8.4 Comparison of Airborne In Situ Icing Observations to Icing Algorithm Output and Aviation Forecasts in the Southern Ocean

Wednesday, 15 January 2020: 9:15 AM
206A (Boston Convention and Exhibition Center)
Cory A. Wolff, NCAR, Broomfield, CO; and J. A. Haggerty, D. R. Adriaansen, R. J. Potts, C. Lethlean, G. McFarquhar, and W. Wu

In 2018 the international Southern Ocean Cloud, Radiation, and Aerosol Transport Experimental Study (SOCRATES) project used the NSF/NCAR Gulfstream V research aircraft to collect atmospheric observations in the remote, pristine environment between Australia and Antarctica. One of the goals of the project was to characterize the icing environment in this region using cloud microphysics instrumentation. During the fifteen research flights clouds containing supercooled liquid water (SLW) and supercooled large drops (SLD) were sampled. These observations are used to identify flight segments where airframe icing occurred. Those segments are compared with output from the Forecast Icing Potential (FIP) algorithm developed at NCAR, as well as with official forecasts from the Australian Bureau of Meteorology’s (BoM) National Operations Center (NOC).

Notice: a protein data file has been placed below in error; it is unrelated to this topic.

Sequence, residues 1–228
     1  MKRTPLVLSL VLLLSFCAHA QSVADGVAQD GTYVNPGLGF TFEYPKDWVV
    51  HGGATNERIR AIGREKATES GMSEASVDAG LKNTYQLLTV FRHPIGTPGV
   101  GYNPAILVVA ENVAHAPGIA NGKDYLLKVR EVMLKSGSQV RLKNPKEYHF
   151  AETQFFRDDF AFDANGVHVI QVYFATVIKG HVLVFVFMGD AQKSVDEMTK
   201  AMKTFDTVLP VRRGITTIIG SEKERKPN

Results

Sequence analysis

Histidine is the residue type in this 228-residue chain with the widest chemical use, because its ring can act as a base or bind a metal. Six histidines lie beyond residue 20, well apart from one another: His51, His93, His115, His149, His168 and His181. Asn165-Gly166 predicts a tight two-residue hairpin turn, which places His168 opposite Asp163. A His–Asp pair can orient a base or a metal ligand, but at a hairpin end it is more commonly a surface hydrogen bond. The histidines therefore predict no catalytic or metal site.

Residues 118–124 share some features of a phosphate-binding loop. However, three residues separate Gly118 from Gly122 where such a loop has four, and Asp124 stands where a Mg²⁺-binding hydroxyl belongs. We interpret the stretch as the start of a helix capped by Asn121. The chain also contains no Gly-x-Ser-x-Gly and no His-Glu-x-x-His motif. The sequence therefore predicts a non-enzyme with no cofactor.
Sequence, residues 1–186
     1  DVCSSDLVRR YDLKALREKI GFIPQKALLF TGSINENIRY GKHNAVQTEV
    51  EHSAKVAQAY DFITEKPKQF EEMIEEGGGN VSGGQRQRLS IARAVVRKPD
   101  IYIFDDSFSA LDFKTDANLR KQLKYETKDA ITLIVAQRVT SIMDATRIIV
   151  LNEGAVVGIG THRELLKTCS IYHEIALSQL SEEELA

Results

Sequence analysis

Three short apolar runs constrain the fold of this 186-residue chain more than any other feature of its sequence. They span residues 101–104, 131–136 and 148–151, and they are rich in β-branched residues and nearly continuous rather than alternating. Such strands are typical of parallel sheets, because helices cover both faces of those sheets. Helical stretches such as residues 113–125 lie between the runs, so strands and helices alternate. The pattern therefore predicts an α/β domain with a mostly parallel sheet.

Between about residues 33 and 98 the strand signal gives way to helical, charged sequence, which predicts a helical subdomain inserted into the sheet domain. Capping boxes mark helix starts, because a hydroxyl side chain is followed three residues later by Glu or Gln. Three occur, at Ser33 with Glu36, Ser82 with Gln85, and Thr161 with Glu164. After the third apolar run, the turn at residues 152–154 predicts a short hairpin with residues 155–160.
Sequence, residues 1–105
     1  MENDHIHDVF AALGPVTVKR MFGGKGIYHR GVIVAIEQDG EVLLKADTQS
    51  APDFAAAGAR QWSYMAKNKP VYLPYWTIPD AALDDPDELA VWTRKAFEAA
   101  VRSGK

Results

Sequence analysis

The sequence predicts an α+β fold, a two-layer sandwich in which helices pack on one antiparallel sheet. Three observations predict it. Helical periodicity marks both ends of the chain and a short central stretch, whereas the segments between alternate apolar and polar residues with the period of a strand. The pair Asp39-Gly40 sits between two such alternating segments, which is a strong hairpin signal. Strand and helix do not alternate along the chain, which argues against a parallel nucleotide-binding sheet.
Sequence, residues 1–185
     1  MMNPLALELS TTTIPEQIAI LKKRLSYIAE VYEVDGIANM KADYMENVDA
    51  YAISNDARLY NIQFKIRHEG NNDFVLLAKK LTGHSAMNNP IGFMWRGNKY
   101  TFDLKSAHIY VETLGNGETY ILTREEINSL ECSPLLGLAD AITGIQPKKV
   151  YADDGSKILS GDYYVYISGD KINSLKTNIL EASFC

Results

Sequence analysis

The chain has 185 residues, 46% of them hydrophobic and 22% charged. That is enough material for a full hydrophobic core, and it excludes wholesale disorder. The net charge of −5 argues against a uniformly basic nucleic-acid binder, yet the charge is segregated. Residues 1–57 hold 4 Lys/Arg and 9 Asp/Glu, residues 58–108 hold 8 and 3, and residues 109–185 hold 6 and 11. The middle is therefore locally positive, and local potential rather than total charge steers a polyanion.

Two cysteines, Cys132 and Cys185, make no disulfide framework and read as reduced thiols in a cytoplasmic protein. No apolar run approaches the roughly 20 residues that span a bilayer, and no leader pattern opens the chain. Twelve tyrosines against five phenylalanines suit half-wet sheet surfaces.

FIP runs using output from the Australian Community Climate and Earth-System Simulator (ACCESS) model are analyzed for a variety of forecast lead times valid during the research flights. The regional ACCESS-R is available over the project domain and has a horizontal resolution of approximately 12 km. Differences in the fields available between ACCESS and the typical model that the FIP runs on required some modifications and tuning of the algorithm. Cross sections and flight level plots are compared with icing observations from the research aircraft and statistics calculated to evaluate the skill of the algorithm in this part of the world.

As part of its duties the NOC issues icing forecasts and Significant Meteorological Information advisories (SIGMETs) for Australia and the ocean areas surrounding it. During SOCRATES they also issued forecasts and advisories for the flight domain to provide information for safe flight operations. Observations to validate these forecasts are difficult to obtain in this part of the world, so the SOCRATES dataset provides a unique opportunity to compare the products issued by the NOC to the observed conditions.

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